Yes, it’s a bit of fun, but at its heart is the positive affirmation of simple mistakes and a willingness to own them.
I guess we’ve all been finding life difficult during the ongoing pandemic; possibly feeling overwhelmed and sometimes emotional, but maybe just meh!
A friend shared this recently, and (like an article last year) it rang a bell with me, and helped me understand why I’m feeling like I am in April 2021 (over a year into the pandemic). Could the neglected middle child of mental health, one that can dull your motivation and focus, be the dominant emotion of 2021?
Following on from my popular post about Celtic Morning Prayer yesterday, a recollection of a family holiday in August 2019 in a caravan at Haggerston Castle Holiday Park. We had a great time, and you can see from the photo that it was a typical British summer!
Note: You can expand and magnify the photo by clicking on it (opens in a new tab).
The holiday park is very near the Holy Island of Lindisfarne, commonly known as either Holy Island or simply Lindisfarne. It’s a tidal island off the northeast coast of England, close to the border with Scotland, and was an important centre of Celtic Christianity.
[The island] measures 3.0 miles from east to west and 1.5 miles from north to south, and comprises approximately 1,000 acres at high tide. The nearest point to the mainland is about 0.8 miles. It is accessible at low tide by a modern causeway and an ancient pilgrims’ path that run over sand and mudflats and which are covered with water at high tide. Lindisfarne is surrounded by the 8,750-acre Lindisfarne National Nature Reserve, which protects the island’s sand dunes and the adjacent intertidal habitats.Source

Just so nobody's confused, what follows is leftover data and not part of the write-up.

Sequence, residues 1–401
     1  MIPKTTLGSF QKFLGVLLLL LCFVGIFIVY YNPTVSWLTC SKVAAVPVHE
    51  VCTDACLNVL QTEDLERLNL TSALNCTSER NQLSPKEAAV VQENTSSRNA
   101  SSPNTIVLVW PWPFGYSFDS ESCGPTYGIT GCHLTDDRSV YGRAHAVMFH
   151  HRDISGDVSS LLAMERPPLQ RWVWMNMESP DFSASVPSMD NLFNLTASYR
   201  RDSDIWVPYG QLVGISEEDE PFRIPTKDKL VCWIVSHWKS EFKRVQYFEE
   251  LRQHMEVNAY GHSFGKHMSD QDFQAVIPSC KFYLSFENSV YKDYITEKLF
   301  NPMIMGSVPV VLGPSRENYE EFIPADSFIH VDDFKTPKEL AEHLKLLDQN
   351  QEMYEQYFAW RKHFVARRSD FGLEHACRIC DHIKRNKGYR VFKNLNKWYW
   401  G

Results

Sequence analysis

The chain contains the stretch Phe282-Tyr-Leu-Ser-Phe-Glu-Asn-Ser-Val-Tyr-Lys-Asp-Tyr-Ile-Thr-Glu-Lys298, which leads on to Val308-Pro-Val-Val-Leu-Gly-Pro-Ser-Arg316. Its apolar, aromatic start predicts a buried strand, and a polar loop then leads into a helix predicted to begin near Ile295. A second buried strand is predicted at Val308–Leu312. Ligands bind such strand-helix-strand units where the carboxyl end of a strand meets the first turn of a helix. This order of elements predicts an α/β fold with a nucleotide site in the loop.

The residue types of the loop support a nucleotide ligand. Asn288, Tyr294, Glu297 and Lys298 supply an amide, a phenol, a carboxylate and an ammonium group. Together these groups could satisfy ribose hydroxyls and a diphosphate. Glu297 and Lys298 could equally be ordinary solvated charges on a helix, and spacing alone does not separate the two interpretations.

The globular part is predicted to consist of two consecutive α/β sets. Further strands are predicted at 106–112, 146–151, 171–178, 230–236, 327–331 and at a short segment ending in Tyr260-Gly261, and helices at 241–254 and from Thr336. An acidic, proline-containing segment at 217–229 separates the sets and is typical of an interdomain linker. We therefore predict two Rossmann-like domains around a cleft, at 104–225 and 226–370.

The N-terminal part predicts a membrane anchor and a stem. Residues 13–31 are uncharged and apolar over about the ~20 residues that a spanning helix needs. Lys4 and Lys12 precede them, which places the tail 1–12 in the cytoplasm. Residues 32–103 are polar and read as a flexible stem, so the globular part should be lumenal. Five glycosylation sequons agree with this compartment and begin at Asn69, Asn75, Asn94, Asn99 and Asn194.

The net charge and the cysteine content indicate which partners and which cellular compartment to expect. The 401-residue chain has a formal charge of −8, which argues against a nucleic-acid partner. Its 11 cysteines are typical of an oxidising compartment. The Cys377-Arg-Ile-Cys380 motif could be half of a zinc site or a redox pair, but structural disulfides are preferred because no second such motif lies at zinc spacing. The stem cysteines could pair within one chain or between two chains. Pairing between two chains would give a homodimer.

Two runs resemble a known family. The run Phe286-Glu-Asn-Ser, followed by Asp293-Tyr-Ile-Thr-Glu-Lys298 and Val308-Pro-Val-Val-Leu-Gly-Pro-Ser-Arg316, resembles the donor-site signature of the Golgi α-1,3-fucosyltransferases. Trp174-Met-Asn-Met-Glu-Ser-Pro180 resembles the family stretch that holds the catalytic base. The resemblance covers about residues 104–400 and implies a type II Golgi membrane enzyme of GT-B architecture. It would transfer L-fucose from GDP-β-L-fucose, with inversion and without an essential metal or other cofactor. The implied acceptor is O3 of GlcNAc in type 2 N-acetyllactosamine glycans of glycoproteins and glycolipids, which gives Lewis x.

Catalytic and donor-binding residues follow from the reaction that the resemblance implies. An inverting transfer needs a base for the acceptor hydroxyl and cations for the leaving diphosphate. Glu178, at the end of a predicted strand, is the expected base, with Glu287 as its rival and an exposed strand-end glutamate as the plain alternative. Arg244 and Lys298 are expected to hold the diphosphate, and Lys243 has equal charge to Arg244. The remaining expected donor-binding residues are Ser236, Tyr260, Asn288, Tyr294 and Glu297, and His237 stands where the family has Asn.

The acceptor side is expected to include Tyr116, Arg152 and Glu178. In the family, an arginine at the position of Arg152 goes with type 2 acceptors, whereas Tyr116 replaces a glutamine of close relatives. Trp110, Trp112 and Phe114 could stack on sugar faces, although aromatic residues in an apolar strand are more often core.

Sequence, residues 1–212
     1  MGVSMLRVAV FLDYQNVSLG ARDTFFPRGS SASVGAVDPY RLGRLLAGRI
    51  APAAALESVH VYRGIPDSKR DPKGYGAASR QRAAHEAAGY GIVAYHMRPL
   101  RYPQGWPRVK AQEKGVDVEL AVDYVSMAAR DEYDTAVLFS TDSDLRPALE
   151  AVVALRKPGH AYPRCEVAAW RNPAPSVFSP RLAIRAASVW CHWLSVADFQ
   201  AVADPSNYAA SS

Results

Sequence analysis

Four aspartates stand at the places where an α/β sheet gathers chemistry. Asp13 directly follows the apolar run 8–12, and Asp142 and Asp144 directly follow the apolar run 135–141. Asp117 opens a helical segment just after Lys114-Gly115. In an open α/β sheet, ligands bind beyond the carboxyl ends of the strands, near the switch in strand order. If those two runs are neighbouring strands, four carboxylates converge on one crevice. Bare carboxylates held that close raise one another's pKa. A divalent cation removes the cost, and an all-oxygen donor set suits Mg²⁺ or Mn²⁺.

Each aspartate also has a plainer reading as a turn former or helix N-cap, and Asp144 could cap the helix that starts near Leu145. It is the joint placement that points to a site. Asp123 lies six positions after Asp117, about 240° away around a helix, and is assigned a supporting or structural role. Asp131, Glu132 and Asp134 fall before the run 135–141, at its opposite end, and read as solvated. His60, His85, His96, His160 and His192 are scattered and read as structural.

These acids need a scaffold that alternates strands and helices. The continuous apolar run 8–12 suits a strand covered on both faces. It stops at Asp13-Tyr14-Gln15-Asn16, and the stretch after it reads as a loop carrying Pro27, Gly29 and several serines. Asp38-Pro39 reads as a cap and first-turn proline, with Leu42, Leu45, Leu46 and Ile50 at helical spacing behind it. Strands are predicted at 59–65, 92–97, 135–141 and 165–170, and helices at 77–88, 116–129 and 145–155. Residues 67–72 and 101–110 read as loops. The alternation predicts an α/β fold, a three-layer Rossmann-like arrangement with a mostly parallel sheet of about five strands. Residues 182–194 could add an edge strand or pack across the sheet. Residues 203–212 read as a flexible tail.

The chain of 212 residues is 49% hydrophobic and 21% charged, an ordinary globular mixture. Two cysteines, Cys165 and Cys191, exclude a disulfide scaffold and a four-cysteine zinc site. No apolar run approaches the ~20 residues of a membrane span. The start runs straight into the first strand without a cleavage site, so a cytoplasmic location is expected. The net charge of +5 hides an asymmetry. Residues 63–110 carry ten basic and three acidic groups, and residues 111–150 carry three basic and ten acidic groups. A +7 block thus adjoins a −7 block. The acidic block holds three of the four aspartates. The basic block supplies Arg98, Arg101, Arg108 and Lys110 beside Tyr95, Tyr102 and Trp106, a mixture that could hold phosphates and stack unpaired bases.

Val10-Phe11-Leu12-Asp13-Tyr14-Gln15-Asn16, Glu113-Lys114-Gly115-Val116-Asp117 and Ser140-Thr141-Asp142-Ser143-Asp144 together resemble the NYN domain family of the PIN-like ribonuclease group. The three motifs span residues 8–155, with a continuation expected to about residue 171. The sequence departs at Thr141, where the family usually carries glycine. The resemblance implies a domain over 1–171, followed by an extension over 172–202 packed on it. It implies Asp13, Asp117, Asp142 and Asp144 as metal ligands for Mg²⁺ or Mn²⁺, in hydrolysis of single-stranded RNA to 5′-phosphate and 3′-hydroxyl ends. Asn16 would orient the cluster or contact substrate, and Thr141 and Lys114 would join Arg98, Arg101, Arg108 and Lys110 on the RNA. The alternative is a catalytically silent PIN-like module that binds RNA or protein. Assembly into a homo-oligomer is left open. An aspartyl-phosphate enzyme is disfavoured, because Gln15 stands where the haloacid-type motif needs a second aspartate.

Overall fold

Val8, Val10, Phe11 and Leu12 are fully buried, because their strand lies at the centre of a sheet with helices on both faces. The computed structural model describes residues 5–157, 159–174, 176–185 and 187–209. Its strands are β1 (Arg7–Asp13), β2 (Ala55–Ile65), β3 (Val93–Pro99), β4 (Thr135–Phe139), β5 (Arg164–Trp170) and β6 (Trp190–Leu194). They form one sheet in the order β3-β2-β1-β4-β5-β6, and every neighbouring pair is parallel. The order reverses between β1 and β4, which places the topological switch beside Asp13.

When I took the photo it wasn’t possible to drive to the island, but we drove over another time on a lovely sunny evening.
Warning signs urge visitors walking to the island to keep to the marked path, to check tide times and weather carefully, and to seek local advice if in doubt. For drivers, tide tables are prominently displayed at both ends of the causeway and also where the Holy Island road leaves the A1 Great North Road at Beal. The causeway is generally open from about three hours after high tide until two hours before the next high tide, but the period of closure may be extended during stormy weather.Source
The road to the island is evocative of the both our physical and spiritual journey through life, so this traditional Gaelic blessing is an appropriate way to conclude:
May the road rise up to meet you. May the wind be always at your back. May the sun shine warm upon your face; the rains fall soft upon your fields and until we meet again, may God hold you in the palm of his hand.
I’ve posted before about the Northumbria Community, a dispersed, worldwide, network Christian Community, committed to a new way for living. Source
Over the years, I’ve found their Daily Prayer books and website helpful, especially in troubled times when they provide much needed grounding and routine.
The Daily Office – Morning, Midday and Evening Prayer – is at the core of the life of the Northumbria Community. A regular cycle of daily prayers constitutes the essential rhythm of life around which other activities can take their proper place.Source
In this simple Sunday devotional I would like to point you to their Morning Prayer, which can be used by individuals or groups.
Why not take some time to thoughtfully pray this today and in the coming days?